If this was my program I think I would stop trying to do it all in one go and write a simple class to store arbitrary bit strings (maybe as String of 1's and 0's) with methods to return their length, concatenate them, and finally convert them to byte arrays (8 values/byte). And test it.
Then I would go back to the original problem and code it's solution using the new tool I just created.

Basically i mean taking the integers, converting them to strings of binary numbers.
Get the longest string of binary values and use its length as the value of integer NBits.

So basically im dealing with a string of 1's and 0's and i want to write the entire string's value out as literal binary values not as a string. But in the example i provided the problem is that i cant find a way to output a string of 45 , 1's and 0's to the binary file since output is like you said stored in 8 bit bytes.

So basically im thinking the only problem is that the string i have generated either gets grouped for example '1000100011' removing the last two bits and adds those values to the next 8 bits causing the resulting output to be inaccurate.

What is done with the stream of bits by the program that reads them? What does it expect?
If the input numbers generate 45 bits for output, what should follow the last bit? The first 3 bits of the NBits value for the next set of numbers? In other words, no padding or filler. The bits for each set of numbers immediately follows those for the last set of numbers.

78 00 07 D0 00 00 17 70 00 00 <-- aiming to achieve

Does NBits always take 5 bits? Then for the above NBits = 15 First 5 bits=(0111 1) Then the total number of bits for those two numbers would be 5 + 15*4 = 65 bits. Vs the 80 shown???

Edited 4 Years Ago by NormR1

The values are read as below from the stream with the number of bits always being 5 as i understand it:

number of bits (nbits) - 5 bits (unsigned integer) - this number represents the 'bit length' of the next four fields
minimum X coordinate - nbits (signed integer) - X coordinate of upper left corner of the frame
minimum Y coordinate - nbits (signed integer) - Y coordinate of upper left corner of the frame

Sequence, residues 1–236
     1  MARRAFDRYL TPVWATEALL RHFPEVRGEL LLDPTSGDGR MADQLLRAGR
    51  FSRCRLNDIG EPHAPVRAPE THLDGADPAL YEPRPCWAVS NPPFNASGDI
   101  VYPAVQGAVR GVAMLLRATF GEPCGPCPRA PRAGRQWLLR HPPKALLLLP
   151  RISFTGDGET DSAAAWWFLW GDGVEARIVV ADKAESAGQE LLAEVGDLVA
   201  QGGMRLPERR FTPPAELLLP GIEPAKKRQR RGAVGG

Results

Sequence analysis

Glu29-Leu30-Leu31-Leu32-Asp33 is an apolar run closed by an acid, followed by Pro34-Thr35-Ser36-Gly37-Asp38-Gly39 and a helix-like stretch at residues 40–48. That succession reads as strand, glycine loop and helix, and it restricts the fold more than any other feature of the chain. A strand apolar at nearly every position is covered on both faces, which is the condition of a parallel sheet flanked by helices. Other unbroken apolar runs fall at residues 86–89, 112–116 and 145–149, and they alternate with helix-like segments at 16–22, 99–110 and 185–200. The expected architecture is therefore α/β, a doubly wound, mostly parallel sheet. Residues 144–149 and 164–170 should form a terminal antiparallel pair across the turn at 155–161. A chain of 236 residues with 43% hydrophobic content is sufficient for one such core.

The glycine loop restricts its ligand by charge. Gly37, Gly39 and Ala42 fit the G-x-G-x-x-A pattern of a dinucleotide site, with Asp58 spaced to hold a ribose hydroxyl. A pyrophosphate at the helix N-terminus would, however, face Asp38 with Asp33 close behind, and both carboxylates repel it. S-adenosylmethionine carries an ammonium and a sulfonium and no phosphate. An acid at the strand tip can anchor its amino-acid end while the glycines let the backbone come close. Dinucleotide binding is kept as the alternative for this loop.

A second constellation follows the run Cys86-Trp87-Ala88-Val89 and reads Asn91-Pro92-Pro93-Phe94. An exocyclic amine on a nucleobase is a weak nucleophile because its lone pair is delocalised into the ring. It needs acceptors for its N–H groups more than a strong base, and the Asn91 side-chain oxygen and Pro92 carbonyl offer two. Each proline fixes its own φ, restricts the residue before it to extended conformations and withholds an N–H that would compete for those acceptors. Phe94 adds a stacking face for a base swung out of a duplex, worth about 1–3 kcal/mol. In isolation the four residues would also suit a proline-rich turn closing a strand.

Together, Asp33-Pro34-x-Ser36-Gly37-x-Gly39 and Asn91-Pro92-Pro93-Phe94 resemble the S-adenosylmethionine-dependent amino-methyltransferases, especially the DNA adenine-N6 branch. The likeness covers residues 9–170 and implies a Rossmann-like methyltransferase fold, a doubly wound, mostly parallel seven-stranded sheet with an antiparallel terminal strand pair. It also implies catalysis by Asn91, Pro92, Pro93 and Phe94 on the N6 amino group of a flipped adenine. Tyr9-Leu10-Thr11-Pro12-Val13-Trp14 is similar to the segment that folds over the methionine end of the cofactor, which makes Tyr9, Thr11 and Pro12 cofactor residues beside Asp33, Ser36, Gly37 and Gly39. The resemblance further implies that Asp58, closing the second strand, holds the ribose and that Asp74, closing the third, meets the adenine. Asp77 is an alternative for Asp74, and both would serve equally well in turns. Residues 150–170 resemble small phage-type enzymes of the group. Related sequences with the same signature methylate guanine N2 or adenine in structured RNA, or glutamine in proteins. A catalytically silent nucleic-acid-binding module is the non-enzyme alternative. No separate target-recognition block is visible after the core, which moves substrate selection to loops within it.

maximum X coordinate - nbits (signed integer) - X coordinate of lower right corner of the frame
maximum Y coordinate - nbits (signed integer) - Y coordinate of lower right corner of the frame

The problem is you can only output 8 bits a time, making the first 5 padded to 8 or the last 3 padded to 8 an inaccuracy in the entire stream atleast thats my thesis of the problem so far, The specification doesent state that there should be any filler, however in all my tests i found that i had to pad out the result with an extra 0 to make the 9 bytes file to 10 bytes.It states specifically that the idea of concatenating the output to a stream of 45 bits or whatever is to minimize the amount of data required,

"Now the unpleasant part is that when you read a file, the smallest 'part' you can get in one read cycle is 1 byte (1 char) = 8 bits. So the remaining 3 bits overlap. " <- i think this is fundamentally the problem i am having only when writing it.

I found a useful document here : http://thenobody.blog.matfyz.sk/p13084-how-to-get-dimensions-of-a-swf-file on the problem, but even after reading it and mapping out the example program that reads these values from the file i cant reverse and translate it to java.

Again i would like to apologise for taking up your time, its a pretty strange problem and i havent been able to express it as clearly as i would have liked.